Meet Rick Gates — the Trump ally indicted in the Russia probe and charged with conspiracy against the US

  • Businessman Rick Gates was indicted along with Paul Manafort on Monday.
  • Gates was Manafort's protégé. The two met as Washington lobbyists three decades ago.
  • He joined Donald Trump's election efforts in 2016 when Manafort became the campaign manager.


Paul Manafort, the former campaign manager for Donald Trump during the 2016 election, was indicted Monday morning along with his former business associate Rick Gates, according to multiple media reports.

The two associates were charged on 12 counts, including conspiracy to launder money, conspiracy against the US, and false and misleading statements surrounding their foreign bank and financial accounts.

Robert Mueller, the special counsel to the US Justice Department leading the probe into the Trump campaign's possible coordination with Russia in last year's election, had been investigating Manafort and Gates for their relationships with foreign leaders and suspicious financial dealings abroad.

Manafort, who has strong ties to Trump's inner circle, has been at the center of Mueller's investigation. Gates is a lesser-known figure in Washington, but still an influential Trump booster with wide-ranging connections to powerful leaders and businessmen around the world. Here's what we know about him.

Gates' early days in Washington politics

Gates met Manafort nearly three decades ago while he was an intern at Black, Manafort, Stone, Kelly — one of the most powerful lobbying firms in DC.

The firm worked to help boost the image of dictators and strongmen around the world, including Ferdinand Marcos of the Philippines, Mobutu Sese Seko of the Democratic Republic of Congo, and the Russian-aligned former president of Ukraine, Viktor Yanukovych.

Although Manafort left the firm the same year Gates joined, the two reunited in 2006 at a new consulting company called Davis Manafort.

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Key players in Trump-Russia connection allegations
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Key players in Trump-Russia connection allegations

Paul Manafort

Paul Manafort signed on as Donald Trump's campaign manager in March 2016. A longtime Republican strategist and beltway operative, Manafort had previously served as an adviser to former Ukrainian president Viktor Yanukovich -- a pro-Russia leader who was violently ousted in 2014. Manafort resigned from his campaign position in August 2016 amid questions over his lobbying history in Ukraine for an administration supportive of Russia. The former campaign manager reportedly remained in Trump's circle during the post-election transition period.

Michael Flynn

Gen. Michael Flynn was named President Trump's national security adviser in November of 2016. Flynn reportedly met and spoke with Russian Ambassador Sergey Kislyak in December, at one point discussing sanctions. Flynn originally told Vice President Pence he did not discuss sanctions -- a point the Department of Justice said made the national security adviser subject to blackmail. Flynn resigned from his position in February.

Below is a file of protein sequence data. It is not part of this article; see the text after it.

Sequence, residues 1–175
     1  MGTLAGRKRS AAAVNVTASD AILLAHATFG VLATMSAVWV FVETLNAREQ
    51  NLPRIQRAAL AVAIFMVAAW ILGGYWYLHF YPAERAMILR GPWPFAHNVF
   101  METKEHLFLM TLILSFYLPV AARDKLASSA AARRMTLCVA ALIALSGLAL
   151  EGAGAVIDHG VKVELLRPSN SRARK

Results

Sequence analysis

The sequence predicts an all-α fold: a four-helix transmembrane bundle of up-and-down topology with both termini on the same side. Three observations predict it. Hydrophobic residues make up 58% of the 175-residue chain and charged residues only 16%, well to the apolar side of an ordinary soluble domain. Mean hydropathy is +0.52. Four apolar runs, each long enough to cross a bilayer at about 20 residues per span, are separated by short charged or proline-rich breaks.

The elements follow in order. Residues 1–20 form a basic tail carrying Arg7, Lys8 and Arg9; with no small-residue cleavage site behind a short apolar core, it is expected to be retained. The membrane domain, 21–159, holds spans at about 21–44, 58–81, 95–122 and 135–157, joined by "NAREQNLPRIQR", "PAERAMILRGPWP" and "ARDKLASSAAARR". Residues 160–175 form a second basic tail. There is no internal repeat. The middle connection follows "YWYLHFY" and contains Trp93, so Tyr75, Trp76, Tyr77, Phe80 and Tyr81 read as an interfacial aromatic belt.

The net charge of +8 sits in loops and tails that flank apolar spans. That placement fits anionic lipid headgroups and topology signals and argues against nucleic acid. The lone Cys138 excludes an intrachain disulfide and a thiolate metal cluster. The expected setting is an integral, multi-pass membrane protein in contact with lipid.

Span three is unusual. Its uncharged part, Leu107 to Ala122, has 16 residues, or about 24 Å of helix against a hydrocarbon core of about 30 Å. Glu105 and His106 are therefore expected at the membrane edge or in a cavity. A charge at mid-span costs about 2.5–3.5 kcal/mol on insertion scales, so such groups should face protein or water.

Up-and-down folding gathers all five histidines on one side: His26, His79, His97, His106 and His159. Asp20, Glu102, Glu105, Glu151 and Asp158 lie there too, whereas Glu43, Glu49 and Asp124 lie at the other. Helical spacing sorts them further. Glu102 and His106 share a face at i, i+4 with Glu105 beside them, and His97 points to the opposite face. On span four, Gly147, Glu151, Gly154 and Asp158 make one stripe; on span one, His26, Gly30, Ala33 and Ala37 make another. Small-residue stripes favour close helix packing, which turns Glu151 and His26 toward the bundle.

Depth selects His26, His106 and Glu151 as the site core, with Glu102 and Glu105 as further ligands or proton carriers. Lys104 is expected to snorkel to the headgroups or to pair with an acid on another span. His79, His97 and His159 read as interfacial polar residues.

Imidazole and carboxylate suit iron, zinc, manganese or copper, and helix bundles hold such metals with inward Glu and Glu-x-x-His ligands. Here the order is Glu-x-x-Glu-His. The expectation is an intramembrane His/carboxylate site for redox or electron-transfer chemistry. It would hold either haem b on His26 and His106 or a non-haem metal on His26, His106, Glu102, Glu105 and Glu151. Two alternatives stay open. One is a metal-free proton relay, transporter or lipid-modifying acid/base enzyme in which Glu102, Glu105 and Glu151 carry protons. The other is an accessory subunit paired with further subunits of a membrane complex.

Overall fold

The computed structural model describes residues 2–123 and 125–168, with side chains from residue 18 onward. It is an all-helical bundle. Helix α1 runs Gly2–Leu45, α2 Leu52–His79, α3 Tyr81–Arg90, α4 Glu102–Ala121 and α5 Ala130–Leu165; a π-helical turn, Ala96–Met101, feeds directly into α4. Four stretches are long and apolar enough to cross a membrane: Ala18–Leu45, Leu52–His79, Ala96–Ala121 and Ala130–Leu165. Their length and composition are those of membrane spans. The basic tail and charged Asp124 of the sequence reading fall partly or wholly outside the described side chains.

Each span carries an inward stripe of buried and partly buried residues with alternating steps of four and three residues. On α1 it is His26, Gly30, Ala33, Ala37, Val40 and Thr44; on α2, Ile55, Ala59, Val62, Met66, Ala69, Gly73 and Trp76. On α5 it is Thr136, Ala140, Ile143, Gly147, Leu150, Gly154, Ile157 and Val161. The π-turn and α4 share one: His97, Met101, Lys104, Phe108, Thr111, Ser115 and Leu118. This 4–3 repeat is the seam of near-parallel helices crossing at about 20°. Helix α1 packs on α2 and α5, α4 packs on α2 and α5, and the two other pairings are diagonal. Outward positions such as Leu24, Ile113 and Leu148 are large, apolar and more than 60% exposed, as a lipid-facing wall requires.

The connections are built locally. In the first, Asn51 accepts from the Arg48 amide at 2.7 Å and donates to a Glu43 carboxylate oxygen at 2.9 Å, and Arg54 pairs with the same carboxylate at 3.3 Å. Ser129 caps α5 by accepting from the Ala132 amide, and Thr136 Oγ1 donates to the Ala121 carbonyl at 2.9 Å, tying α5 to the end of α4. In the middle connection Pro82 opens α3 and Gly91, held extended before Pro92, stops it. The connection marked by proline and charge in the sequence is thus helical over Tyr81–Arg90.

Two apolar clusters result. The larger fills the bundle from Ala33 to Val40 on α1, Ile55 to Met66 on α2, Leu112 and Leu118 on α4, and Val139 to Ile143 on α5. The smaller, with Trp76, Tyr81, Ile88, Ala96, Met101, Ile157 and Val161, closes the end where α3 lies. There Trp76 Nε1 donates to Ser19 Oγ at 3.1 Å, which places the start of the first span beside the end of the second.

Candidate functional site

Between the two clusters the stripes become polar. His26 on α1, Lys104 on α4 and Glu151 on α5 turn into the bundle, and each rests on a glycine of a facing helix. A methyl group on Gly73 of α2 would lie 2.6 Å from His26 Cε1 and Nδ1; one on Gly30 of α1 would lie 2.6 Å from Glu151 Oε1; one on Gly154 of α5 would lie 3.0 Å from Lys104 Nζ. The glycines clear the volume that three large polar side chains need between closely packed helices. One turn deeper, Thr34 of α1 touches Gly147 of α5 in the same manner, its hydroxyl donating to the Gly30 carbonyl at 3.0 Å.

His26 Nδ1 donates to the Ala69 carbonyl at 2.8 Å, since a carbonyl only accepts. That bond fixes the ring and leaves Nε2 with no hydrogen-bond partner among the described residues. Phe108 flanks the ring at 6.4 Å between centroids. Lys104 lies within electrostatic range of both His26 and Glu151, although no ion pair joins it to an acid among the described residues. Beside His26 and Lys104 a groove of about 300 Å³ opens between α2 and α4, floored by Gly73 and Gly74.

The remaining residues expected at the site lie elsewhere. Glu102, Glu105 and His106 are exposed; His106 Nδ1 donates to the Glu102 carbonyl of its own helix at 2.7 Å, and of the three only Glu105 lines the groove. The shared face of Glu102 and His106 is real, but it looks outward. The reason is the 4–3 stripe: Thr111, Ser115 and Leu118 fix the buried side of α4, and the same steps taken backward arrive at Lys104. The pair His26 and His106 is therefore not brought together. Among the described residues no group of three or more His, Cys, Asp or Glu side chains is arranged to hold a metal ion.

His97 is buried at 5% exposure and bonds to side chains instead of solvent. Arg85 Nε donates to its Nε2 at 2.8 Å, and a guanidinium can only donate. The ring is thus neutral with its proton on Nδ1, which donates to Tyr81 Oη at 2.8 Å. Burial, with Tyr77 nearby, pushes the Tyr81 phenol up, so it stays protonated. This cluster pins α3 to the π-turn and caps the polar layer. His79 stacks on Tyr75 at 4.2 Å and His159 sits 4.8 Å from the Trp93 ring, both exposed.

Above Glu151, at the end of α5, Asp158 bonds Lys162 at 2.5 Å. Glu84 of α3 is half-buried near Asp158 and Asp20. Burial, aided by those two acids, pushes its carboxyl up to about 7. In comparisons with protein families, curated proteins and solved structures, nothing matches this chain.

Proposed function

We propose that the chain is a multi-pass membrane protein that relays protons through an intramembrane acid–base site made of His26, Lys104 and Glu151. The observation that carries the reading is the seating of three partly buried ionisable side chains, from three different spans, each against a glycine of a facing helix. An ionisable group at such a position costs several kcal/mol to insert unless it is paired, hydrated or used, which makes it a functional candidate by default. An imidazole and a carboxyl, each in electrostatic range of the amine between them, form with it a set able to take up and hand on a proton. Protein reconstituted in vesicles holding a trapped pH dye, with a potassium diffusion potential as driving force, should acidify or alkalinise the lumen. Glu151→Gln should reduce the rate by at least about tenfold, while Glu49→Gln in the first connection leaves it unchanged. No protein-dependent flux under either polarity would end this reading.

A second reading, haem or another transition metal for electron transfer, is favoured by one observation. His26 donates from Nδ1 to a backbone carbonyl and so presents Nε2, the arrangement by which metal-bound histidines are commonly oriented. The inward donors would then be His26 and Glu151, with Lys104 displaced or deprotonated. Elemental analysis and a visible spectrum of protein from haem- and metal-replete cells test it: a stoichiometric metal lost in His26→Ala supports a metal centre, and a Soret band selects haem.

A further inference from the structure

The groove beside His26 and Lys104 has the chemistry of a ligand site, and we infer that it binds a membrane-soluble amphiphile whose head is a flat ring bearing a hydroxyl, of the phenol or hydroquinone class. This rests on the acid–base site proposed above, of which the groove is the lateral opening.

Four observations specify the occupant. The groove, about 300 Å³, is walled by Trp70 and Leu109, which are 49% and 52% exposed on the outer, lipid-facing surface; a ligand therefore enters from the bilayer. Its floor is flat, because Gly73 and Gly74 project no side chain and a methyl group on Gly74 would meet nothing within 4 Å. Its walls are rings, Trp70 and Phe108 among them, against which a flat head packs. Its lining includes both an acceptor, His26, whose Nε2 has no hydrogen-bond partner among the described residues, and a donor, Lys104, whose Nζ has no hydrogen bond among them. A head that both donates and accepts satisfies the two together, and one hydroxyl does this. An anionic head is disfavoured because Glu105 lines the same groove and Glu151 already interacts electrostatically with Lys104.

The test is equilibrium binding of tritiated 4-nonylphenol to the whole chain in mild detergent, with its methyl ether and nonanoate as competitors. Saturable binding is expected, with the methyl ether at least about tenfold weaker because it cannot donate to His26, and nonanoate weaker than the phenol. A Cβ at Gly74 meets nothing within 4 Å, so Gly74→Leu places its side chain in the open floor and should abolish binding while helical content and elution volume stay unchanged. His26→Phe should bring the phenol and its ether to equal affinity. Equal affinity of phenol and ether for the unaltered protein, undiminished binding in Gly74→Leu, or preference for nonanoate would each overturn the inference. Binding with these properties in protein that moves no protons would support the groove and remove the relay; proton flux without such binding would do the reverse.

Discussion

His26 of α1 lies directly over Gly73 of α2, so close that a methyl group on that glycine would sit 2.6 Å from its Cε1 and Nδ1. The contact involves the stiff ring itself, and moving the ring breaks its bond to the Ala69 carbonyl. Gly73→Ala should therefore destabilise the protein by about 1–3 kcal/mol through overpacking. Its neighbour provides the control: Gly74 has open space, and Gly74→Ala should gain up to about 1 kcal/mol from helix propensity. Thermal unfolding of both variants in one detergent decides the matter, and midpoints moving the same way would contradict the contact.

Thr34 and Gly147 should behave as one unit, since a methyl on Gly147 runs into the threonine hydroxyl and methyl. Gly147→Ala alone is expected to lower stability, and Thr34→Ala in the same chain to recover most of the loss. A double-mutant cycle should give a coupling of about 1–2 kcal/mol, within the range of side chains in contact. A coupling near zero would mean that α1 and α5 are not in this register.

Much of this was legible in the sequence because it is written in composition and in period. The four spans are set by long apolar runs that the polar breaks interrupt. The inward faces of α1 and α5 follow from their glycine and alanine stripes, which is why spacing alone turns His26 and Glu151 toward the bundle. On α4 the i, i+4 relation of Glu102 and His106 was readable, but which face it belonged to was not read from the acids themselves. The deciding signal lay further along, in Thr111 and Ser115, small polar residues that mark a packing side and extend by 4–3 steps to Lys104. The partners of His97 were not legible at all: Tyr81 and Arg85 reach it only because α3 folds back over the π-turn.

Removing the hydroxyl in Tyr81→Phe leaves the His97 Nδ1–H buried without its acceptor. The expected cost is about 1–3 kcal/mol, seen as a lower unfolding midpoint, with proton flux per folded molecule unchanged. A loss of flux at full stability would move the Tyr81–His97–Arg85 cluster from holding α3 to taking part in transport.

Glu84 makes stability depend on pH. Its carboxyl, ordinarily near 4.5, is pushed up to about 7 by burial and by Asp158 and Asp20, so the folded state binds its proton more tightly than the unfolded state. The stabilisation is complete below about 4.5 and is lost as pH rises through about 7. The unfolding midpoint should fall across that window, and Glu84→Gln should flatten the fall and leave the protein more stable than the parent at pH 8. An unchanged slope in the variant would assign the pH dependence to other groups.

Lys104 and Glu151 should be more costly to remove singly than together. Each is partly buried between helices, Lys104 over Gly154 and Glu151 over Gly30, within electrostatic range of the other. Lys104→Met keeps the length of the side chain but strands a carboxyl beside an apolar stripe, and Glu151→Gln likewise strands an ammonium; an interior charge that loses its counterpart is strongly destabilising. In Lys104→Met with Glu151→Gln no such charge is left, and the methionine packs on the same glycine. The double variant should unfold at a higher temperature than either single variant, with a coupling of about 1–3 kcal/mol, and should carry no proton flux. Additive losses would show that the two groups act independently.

Sergey Kislyak

Outgoing Russian ambassador to the United States Sergey Kislyak is the Russian official U.S. attorney general Jeff Sessions -- communication Sessions denied during his Senate committee hearing testimony.

Roger Stone

Stone is a longtime Republican political consultant who served as a campaign adviser to Trump who continued to talk with the then-GOP candidate after stepping away from his adviser role. Stone claimed last year that he had knowledge of the planned WikiLeaks release of emails pertaining to Hillary Clinton and the Democratic National Committee. Stone recently admitted to speaking via direct message with "Guccifer 2.0" -- an online entity U.S. officials believe is tied to Russia. Stone says the correspondence was “completely innocuous.”

Jeff Sessions

Former U.S. senator Jeff Sessions from Alabama joined Trump's campaign as a foreign policy adviser in February 2016. Sessions was nominated to be U.S. attorney general by President Trump and was then confirmed by the Senate. Reports then emerged that Sessions had spoken twice with Sergey Kislyak while he was senator -- a fact that he left out of his Senate hearing testimony. Instead, he said in writing that he had not communicated with any Russian officials during the campaign season. Sessions defended himself saying he had spoken with Kislyak specifically in a senate capacity.

Russian President Vladimir Putin

The American intelligence community accused Putin in Jan. 2017 of ordering a campaign to undermine trust in the American electoral process, developing a clear preference for Trump as president. "We assess Russian President Vladimir Putin ordered an influence campaign in 2016 aimed at the US presidential election. Russia's goals were to undermine public faith in the US democratic process, denigrate Secretary Clinton, and harm her electability and potential presidency. We further assess Putin and the Russian Government developed a clear preference for President-elect Trump," the report read.

James Comey

Comey publicly confirmed in March an FBI inquiry into Russia's involvement in the 2016 election. “The F.B.I., as part of our counterintelligence effort, is investigating the Russian government’s efforts to interfere in the 2016 president election,” Comey stated.

Carter Page